The Latest News May 2014

What Exactly is a “Family” Lawyer?

Posted On: May 19, 2014

It might seem as if the term “family lawyer” would be used to describe an attorney who works for everyone in a family or a person who is a member of your family and happens to work as an attorney. Though these scenarios are possible, the term “family lawyer” is actually someone who specializes in family law. The field of family law relates to topics including divorce, custody, visitation rights, spousal and child support, division of assets in divorce, protection from abuse, and paternity issues.

Many family lawyers choose their field because they want to work with the “human side” of the law. It can be extremely challenging to practice family law because attorneys must connect with and support their clients during very emotional times in life. Family lawyers see people at their best and worst, and help these people transition through some of the most challenging phases of life. Despite its challenges, most family lawyers find a great deal of emotional reward in their work.

What Makes a Good Family Lawyer?
Like all attorneys, some family lawyers are more talented and successful than their peers. The best family lawyers have top-notch skills when it comes to negotiation and litigation. They must be good at time management and understand interpersonal communication. In addition to legal counsel, family lawyers often provide emotional support during a client’s most challenging life events. It also helps if a family attorney has an understanding of financial and real estate laws, though most attorneys have a network of expert resources at their disposal when questions arise.

As families continue to evolve, the practice of family law also changes. This includes handling the issues of same sex unions and their resulting families, for which the traditional legal system is still adjusting. Trends in the field of family law also include mediation and collaborative law, a practice that helps couples divorce and legally separate without traditional litigation. A family law attorney’s role is different in cases where collaborative law is used, as opposed to litigation. In some cases, the lawyer might even act as a mediator and work for both partners, as opposed to representing one or the other. It is important to find an attorney that you are comfortable with but has training in these areas. More divorce attorneys are representing that they will follow a collaborative approach but do not truly understand the dynamics nor have they been trained in this discipline.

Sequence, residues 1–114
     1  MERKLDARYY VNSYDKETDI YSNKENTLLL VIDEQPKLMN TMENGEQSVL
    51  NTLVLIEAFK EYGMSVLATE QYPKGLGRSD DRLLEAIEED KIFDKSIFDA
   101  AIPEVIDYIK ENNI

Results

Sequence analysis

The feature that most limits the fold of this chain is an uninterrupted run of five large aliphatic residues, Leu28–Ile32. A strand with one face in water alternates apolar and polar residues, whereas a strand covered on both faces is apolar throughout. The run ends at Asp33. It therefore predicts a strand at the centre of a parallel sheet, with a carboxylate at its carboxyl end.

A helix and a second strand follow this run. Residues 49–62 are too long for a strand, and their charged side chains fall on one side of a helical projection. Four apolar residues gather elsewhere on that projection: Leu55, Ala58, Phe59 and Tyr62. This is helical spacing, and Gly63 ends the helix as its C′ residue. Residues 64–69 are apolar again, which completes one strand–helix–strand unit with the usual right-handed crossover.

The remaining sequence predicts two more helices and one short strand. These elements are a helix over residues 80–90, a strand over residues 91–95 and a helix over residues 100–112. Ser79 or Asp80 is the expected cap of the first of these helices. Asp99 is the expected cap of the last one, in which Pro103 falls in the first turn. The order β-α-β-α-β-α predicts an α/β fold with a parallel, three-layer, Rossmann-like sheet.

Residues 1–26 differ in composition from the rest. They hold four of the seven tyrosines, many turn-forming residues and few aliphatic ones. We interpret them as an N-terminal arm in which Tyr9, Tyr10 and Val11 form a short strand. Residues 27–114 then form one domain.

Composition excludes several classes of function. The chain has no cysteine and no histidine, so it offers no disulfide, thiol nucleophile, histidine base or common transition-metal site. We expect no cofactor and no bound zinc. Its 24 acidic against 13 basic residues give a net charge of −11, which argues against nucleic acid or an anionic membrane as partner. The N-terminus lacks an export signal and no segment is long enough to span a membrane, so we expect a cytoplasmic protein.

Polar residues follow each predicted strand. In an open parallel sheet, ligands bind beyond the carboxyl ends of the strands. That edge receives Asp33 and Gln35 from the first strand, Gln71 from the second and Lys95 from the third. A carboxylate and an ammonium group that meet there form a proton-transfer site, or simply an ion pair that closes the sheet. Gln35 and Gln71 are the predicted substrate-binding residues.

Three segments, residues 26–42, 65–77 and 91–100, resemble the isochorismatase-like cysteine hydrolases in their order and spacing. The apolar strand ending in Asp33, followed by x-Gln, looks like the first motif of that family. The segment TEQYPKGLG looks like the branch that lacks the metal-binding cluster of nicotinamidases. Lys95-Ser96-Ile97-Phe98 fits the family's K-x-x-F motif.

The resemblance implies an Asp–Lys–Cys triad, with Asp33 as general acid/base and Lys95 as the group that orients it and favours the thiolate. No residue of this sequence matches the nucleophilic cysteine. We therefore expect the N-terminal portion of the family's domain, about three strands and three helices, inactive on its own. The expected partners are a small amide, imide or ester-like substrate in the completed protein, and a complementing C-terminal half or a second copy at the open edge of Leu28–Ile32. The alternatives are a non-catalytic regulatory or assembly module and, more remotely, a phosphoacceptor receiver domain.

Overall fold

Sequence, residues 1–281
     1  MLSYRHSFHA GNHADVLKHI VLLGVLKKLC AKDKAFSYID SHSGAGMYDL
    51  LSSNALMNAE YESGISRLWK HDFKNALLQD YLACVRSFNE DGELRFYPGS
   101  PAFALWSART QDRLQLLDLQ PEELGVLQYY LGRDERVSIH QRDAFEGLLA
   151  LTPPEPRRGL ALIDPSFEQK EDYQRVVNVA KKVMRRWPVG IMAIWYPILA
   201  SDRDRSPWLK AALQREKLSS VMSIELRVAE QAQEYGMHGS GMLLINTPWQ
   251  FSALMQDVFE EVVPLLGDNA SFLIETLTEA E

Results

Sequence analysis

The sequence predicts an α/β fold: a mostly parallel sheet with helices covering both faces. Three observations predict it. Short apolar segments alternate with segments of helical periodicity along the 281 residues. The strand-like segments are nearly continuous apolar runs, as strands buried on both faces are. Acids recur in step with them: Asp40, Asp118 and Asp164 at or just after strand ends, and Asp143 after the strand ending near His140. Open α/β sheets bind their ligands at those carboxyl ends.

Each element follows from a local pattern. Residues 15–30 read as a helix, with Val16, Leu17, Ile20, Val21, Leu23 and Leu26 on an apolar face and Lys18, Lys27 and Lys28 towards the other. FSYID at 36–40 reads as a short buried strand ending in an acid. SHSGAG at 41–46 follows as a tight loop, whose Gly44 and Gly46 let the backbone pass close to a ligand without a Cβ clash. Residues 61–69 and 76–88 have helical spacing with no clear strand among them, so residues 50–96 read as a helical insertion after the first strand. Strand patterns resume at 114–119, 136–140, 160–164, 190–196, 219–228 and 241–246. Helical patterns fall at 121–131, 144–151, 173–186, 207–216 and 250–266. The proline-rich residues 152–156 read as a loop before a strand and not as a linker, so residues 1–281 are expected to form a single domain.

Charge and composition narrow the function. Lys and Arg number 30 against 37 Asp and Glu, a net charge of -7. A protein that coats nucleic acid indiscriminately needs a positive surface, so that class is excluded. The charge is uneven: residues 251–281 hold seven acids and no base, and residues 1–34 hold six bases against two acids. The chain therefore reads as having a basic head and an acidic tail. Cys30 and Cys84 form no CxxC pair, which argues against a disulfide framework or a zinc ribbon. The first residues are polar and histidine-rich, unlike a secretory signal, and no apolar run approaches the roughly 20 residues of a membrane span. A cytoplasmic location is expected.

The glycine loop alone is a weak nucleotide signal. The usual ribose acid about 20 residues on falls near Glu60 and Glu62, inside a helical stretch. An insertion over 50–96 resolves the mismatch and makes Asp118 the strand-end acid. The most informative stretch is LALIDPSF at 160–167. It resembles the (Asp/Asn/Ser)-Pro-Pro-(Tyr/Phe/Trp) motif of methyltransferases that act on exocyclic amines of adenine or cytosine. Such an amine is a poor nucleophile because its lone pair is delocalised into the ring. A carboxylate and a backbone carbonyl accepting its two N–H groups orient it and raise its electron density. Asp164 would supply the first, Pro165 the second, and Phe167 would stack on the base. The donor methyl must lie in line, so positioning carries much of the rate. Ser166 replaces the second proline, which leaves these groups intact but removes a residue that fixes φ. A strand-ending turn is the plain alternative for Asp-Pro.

Nearly 50% of all first marriages end in divorce. The odds are even greater for second and third marriages. Approximately 40% of all couples in the United States are step couples. The ongoing making and breaking of families creates complicated family ties and creates a need for legal protection as things change. Family lawyers provide the guidance and support these changing families need.

Have questions about Family Law or need help in this area, then feel free contact attorney SPIRIO at 631-277-8844.

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Selling Your Home? Don’t Lose Your Buyer Or Jeopardize Your Closing!

Posted On: May 12, 2014

Avoid boundary disputes and other title issues long before you are at the closing table. Selling your home and finding a buyer is stressful enough. Do not lose your Buyer or jeopardizing the closing by a title problem that could have been foreseen and remedied far in advance of closing.